"Lower colour expectations are the enemy of malt flavour". Maltsters looking for low colour will first have to seek low protein barley and make less modified malt so the amount of simple amines is reduced. But this reduces overall malt functionality and extract. Then there be low temperature, high flow klinings with minimum cure temperature to avoid melanoidin formation, but this risks green grassy notes. It makes no sense to use very pale malts with darker speciality malts.

Roasting is carried out in very small batches compared to white malts, also for a short time (2.5-3) hours. Malt is put in a drum and heat applied. This can be done without drying, which you can't do in a kiln. You can apply heat to low moisture grain but most roasters are loaded with green malt directly from germination at around 45% moisture. You can put it up to mashing temperature and do mini-mashing in the roaster. Temperatures can go up to 175-260°C, depending on the depth of the flavour and colour required. Caramelisation of sugars will occur, and all enzymes are destroyed.

If barley variety makes a difference to malt flavour it is very small. Differences in malting processes make much greater difference, both between different malting plants and the different processing and kilning that different barley varieties may need to make malt of the same specification. So though flavour differences do exist they are due to the malting and not barley genetics.


  1. Nice write up, I've seen some slides about barley variety recently though, comparing full pint etc.

    It's a bit of a shame that they didn't get David Quain on the draft line talk with his latest paper but it's very good also.

    1. That fact you'll have to alter the parameters to malt different barley varieties shows you will get some variation in flavour, but I'm sure it's small compared to other factors.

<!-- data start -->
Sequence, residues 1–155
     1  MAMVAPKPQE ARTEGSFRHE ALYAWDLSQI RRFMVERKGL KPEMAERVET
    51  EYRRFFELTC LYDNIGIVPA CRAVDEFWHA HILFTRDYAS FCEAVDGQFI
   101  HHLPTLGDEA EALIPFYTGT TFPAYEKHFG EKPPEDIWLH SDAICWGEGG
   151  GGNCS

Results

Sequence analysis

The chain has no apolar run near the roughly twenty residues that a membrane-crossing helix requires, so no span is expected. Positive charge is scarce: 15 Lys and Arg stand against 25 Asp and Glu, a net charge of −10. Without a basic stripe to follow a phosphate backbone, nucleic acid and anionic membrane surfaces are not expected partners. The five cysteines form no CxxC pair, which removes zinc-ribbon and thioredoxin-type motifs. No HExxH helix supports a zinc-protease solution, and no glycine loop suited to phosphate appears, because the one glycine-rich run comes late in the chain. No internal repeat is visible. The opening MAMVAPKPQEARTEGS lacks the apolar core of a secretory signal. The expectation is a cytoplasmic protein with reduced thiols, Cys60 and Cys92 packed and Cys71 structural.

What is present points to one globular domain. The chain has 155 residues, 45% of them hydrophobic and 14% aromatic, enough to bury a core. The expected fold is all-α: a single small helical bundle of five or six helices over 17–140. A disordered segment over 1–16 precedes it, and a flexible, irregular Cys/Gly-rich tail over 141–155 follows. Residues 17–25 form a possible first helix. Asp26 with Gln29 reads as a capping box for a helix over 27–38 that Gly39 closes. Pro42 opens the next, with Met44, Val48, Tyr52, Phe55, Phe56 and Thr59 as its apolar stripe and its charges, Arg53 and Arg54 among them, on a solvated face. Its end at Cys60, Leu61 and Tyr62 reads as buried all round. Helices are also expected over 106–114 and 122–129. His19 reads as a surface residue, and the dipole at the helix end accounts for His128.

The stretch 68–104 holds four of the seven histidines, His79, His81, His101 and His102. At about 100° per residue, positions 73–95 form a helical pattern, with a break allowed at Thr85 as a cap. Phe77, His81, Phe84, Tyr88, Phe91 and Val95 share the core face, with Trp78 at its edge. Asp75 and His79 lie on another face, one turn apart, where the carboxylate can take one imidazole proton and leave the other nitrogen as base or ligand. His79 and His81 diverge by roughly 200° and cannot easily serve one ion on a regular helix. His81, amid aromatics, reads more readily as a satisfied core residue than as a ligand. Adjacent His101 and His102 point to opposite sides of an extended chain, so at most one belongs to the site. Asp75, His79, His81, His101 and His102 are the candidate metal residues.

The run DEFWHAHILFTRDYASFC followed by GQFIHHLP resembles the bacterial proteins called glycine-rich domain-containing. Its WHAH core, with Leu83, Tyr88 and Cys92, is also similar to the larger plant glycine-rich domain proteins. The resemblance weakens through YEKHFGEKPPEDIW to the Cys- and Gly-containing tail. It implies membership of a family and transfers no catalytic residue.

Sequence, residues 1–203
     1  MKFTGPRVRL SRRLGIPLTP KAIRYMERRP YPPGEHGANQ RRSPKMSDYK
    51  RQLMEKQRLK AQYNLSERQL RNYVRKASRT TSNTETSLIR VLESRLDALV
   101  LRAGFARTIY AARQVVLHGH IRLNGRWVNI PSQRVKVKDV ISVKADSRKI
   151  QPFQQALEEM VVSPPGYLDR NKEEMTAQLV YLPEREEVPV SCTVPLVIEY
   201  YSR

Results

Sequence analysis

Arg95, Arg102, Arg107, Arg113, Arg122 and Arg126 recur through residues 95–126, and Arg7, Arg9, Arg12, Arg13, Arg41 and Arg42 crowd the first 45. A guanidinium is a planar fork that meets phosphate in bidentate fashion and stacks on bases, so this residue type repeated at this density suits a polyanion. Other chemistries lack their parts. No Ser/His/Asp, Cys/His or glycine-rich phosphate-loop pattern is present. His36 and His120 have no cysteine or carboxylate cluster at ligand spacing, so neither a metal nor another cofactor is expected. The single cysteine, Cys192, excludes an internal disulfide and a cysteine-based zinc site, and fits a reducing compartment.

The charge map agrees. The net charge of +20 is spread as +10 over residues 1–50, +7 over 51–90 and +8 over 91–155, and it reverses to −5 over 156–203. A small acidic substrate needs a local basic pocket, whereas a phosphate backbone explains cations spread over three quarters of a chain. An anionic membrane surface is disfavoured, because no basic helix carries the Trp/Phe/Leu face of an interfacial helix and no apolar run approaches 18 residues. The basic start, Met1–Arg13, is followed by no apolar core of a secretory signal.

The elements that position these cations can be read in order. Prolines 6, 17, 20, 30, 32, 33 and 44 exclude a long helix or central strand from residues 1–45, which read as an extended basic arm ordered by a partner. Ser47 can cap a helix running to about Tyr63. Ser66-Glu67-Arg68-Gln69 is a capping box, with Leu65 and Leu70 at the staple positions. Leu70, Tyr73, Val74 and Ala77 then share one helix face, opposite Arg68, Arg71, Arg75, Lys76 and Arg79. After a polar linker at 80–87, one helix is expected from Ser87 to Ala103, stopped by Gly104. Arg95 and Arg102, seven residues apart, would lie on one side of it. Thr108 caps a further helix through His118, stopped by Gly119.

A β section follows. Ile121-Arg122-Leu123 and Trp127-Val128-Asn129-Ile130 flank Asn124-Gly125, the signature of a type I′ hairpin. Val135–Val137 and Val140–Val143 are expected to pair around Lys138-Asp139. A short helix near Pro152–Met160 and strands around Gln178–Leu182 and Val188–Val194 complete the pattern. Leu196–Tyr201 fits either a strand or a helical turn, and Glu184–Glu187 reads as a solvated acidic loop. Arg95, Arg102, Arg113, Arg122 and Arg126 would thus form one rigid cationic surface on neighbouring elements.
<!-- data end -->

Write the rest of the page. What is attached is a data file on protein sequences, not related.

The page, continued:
They had Graham Stewart on recently so I'm sure they could get David Quain.

  2. I beg to differ with your conclusions, as a home maltster myself, varietal is a telling factor when producing pale & pilsner type malts. I don't believe I'm alone on this.

    " I don’t think it’s due to kilning practices, I don’t think it’s due to malting practices, I think it’s due to varietal differences"

    Malt: A Practical Guide from Field to Brewhouse by John Mallett 2014,+I+don%E2%80%99t+think+it%E2%80%99s+due+to+malting+practices,+I+think+it%E2%80%99s+due+to+varietal+differences&source=bl&ots=CxI7VQn-Sz&sig=R_DfMZjVKLyk8azB1DEj6W1iu-w&hl=en&sa=X&ved=0ahUKEwi9zdO0neTSAhUEFywKHQTSAHUQ6AEIGTAA#v=onepage&q=Malt%3A%20A%20Practical%20Guide%20from%20Field%20to%20Brewhouse%20by%20John%20Mallett.%20%E2%80%9CI%20don%E2%80%99t%20think%20it%E2%80%99s%20due%20to%20kilning%20practices%2C%20I%20don%E2%80%99t%20think%20it%E2%80%99s%20due%20to%20malting%20practices%2C%20I%20think%20it%E2%80%99s%20due%20to%20varietal%20differences&f=false

    1. There are two schools of thought on this one! I think Joe Hertrich makes a good case for the barley variety doesn't matter opinion.

  3. Golden Promise barley is malted by both Fawcett, Bairds and Simpsons, who all produce a malt that is highly interchangeable. The varietal is the telling factor here, not slight differences in the companies malting regime.

    Bairds, Muntons, Warminster, Crisp and Fawcett all use Maris Otter barley from Hampshire, Norfolk and Yorkshire and they are all very similar and interchangeable. The telling factor is, once again, the varietal. Not where it was grown or how it was malted.

    Both Fawcett or Bairds Golden Promise malt cannot be interchanged with Fawcett or Bairds Maris Otter Malt, they are simply not the same.

    Interestingly, Viking and Maltosa in Lithuania both produce malt from several barley varieties both local and foreign, with the end result that Lithuanian malts seem quite high in protein (11-13%) compared to similar malts from other more established countries, Western Europe, USA, etc (8-10%). Here it seems that local climatic conditions invoke changes to the barley and thus the finished malt, mostly in its amino acid profiles. Lithuanian malts are similar regardless of barley type with their unique tastes based on their barleys "terroir" it would seem, rather than their varietals. Try some local pale Lithuanian beers/ales and you will spot that unusual straw-like flavour immediately.

    It's a very complicated story. I should write it up into a post someday.